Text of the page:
Four weeks in Holland

Because we'll cross the Atlantic in November and stay for a few years on the other side of the ocean, we went to Holland for four weeks to get a taste of herring again, say goodbye to family and friends and to do some shopping. Cheese, peanut butter, chocolate sprinkles, apple spread, liquorice, ginger on heavy syrup, yeast, Indonesian soy sauce and sambal were hot items. 

We suffered from culture shock already in Las Palmas airport as we were almost run over by expensive toy cars with which Dutch kids are spoilt by their lazy parents. Nintendo’s, personal dvd-players, all these western world's “improvements”. Upon arrival in Holland we experienced an additional climate shock because the weather was typical Dutch: cold (12°C), dreary and rain.
PHOTO 1  
It is funny to be a guest in your own country. Friends lent us a car which was of course really great! The first thing we noticed was the busy traffic. Furthermore: villages and cities almost grown together with no room to breathe, bikes all over the place
PHOTO 2 , green green green, trees neatly arranged, orderly road signs, windmills PHOTO 3 and the whole country spic and span.
The cows PHOTO 4 sit neatly coombed in their lush meadows PHOTO 5  , brand new trains cross the landscape, impressive bridges are spanning the many rivers and neat houses with red roofs all over the place... Holland looks like a toy country; a park.

But we still love Holland. In particular we enjoyed the sunsets
PHOTO 6 which seem to take hours (in comparision to the Canaries, where the sun sets only in minutes) and the impressive cloud formations. We love the dark grey clouds above the clear green meadow, and also the clear blue sky with only some small white clouds... wonderful. But as soon as the sky fills with a grey layer, which often happens, we don't like the atmosphere at all. It is dull and boring.
But the reunion with our family and friends was not boring at all! It was great to see everybody and we were heavily spoilt because everbody tried to serve special meals - either Dutch or Indonesian (as Indonesia was formerly a Dutch colony). We never went to bed this often this late and by the end of the four weeks we were exhausted. 

Back in Las Palmas we had to start working immediately for our “bosses” Joanna and Ernie, who produce documentary films on everything that is wrong in marine environment and sea life.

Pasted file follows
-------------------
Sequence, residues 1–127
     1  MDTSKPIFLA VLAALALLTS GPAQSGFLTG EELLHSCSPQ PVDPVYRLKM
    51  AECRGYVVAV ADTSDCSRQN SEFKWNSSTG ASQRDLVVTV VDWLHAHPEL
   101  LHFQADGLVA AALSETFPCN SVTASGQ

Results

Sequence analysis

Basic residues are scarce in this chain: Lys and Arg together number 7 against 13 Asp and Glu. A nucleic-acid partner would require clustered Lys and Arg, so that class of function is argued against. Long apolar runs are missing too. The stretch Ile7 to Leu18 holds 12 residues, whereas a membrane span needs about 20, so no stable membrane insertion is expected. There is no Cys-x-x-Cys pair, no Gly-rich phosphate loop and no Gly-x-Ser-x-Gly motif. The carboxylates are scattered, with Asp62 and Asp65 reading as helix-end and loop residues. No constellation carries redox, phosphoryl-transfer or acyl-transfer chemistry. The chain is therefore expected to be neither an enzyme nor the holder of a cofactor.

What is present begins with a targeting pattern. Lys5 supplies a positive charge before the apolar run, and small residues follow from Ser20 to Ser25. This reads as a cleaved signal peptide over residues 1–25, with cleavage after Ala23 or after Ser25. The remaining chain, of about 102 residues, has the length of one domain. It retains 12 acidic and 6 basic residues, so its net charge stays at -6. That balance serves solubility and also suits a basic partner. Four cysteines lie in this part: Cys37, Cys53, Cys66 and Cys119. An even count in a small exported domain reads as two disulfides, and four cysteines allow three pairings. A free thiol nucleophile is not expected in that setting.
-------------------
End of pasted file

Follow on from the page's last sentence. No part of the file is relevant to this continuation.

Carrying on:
Over the last six weeks they collected lots of material, and our support in matters of marketing and communication is very welcome. You can check them out on www.morganonline.nl

To the Cape-Verdians is about 1000 miles of sailing
, and from there to Suriname almost 2000 miles. So we have to prepare for many days at sea, and of course no shops around in the Atlantic. Fresh vegetables and fruit will be limited to cabbage, egg plant, peppers, oranges and lemons. We'll be reduced to canned meat so we hope to catch many fish. 
JW will bake fresh bread every day. The oven consumes lots of gas and with our 2x 6 kgs of butane (plus 2x 2.5 kg spare in camping gaz bottles) this would be just enough... so we looked for (and found) a better solution: the tortilla pan. This is a pan consisting of two pans connected with a hinge, so you can turn it upside down. The bread will be baked quickly, using a minimum of gas. For the recipe click
In the meantime P sat behind her sewing machine and produced 18 courtesy flags for the Caribbean and South-America. Quite a challenge as straight forward red, white and blue does not exist over there: only complicated designs with diagonals, stars, triangles and stripes... Cheerful flags reflecting the heart of the people so we are already looking forward to the crossing (and JW especially to our arrival).

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